Originally Posted by maricle
Only when I use sandpaper.
Does anyone know what temperature causes noticeable degradation? Accelerated wear testing on products is often enhanced through temperature increase, so I'm wondering if there are any studies of what heat range speeds up the breakdown of a fragrance to the point it has a readily noticed impact to the user. Though the number of bottles you rotate through has a pretty big impact on how often you pay attention to any one in particular.
Yeah, I'm sure the boiling point is a pretty nasty temperature, in case anyone wanted to bring that up
I don't think you can generalize about temperatures that fragrance breaks down. Most scents are composed of dozens if not hundreds of aromachemicals, and each will start to break down at a significant rate at a different temperature. I would guess that the manufacturers have studied each extensively and have detailed specifications for each synthetic. Naturals are combinations of hundreds of molecules, so they will vary.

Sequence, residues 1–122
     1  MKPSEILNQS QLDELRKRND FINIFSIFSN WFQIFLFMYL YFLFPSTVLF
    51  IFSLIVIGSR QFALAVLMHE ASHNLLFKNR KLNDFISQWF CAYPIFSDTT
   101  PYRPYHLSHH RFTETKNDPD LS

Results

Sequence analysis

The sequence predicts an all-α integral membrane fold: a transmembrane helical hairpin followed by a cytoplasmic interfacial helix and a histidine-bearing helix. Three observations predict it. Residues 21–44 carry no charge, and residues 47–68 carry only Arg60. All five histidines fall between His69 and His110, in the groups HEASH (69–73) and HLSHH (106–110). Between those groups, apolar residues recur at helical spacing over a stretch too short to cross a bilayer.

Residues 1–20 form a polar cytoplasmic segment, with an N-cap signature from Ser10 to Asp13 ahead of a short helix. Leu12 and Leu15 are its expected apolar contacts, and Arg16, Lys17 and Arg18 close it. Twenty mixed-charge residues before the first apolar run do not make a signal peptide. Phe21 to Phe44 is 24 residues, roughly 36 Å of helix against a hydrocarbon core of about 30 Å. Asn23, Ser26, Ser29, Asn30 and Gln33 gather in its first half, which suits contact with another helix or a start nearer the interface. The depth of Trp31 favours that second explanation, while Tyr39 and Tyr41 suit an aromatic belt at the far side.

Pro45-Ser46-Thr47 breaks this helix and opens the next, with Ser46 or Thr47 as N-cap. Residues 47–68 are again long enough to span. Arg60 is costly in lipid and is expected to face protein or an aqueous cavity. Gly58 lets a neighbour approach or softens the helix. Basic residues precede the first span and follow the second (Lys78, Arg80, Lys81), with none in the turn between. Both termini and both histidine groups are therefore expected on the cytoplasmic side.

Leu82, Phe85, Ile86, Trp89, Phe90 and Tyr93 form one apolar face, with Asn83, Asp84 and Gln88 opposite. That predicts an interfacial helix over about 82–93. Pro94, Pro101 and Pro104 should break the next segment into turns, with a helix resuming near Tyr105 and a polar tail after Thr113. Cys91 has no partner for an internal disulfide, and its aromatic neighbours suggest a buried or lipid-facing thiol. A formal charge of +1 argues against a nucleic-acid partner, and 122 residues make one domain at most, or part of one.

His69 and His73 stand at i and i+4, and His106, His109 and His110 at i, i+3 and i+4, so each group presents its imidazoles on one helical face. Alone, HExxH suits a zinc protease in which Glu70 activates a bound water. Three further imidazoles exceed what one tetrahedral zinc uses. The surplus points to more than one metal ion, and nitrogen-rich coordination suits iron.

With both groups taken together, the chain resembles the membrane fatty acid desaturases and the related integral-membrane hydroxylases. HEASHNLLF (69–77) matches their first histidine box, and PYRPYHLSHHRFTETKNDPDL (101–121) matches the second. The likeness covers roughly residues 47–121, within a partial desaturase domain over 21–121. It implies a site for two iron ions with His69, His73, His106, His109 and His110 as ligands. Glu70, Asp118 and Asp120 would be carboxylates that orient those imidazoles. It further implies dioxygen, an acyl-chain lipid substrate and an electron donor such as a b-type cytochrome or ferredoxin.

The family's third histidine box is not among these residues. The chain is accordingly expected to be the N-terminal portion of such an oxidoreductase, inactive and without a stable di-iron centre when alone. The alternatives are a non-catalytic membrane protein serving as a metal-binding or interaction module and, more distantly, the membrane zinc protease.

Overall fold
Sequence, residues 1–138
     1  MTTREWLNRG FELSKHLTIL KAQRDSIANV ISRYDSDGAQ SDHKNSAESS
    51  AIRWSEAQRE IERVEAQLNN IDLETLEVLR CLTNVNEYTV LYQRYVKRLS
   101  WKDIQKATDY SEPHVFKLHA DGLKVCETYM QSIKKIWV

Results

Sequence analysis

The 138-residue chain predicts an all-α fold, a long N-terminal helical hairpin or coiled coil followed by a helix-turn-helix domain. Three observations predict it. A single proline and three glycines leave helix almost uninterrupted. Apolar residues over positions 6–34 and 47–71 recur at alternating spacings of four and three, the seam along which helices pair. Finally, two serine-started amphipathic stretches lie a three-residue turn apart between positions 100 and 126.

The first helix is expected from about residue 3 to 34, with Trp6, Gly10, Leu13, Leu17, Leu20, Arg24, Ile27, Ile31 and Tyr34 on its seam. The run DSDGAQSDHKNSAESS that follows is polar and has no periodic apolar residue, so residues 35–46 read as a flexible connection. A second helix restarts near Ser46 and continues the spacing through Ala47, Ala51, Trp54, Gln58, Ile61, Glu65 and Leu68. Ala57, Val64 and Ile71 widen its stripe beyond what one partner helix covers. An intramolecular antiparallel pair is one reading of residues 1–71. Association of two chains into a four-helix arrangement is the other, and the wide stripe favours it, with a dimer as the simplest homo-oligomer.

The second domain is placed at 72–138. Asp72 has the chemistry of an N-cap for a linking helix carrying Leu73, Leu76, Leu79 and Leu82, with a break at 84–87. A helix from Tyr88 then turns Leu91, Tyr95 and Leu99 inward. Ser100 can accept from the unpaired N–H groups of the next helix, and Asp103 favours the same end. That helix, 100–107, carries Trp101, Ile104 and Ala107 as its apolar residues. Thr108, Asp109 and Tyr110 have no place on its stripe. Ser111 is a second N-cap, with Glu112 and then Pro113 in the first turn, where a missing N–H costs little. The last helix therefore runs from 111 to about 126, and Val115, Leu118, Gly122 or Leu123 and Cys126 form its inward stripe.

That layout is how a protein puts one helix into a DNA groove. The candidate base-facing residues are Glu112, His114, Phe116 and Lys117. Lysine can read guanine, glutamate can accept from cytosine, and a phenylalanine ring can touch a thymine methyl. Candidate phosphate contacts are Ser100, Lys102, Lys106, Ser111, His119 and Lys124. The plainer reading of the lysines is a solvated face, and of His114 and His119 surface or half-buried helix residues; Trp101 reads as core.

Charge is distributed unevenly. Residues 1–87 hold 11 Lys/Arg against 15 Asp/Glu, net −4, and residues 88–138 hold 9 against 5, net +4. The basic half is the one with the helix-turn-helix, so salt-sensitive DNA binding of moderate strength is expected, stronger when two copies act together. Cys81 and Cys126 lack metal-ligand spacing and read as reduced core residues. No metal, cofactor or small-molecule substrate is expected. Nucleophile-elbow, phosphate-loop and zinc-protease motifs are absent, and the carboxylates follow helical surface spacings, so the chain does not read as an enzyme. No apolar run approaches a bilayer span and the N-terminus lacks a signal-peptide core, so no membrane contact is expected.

I guess that perfume components are chosen such that they have a reasonable life at room temperatures and normal light exposure levels. Go beyond that, and all bets are off.
I think that light is a bigger problem. I buy a lot of vintage, and what I find is that if a bottle of perfume has been stored in its box, it is almost always good, regardless of how old it is. Topnotes may suffer if the jus is more than 30 years old, but it will still be wearable. If a 30+ year old bottle is bought without a box, it's almost always crap.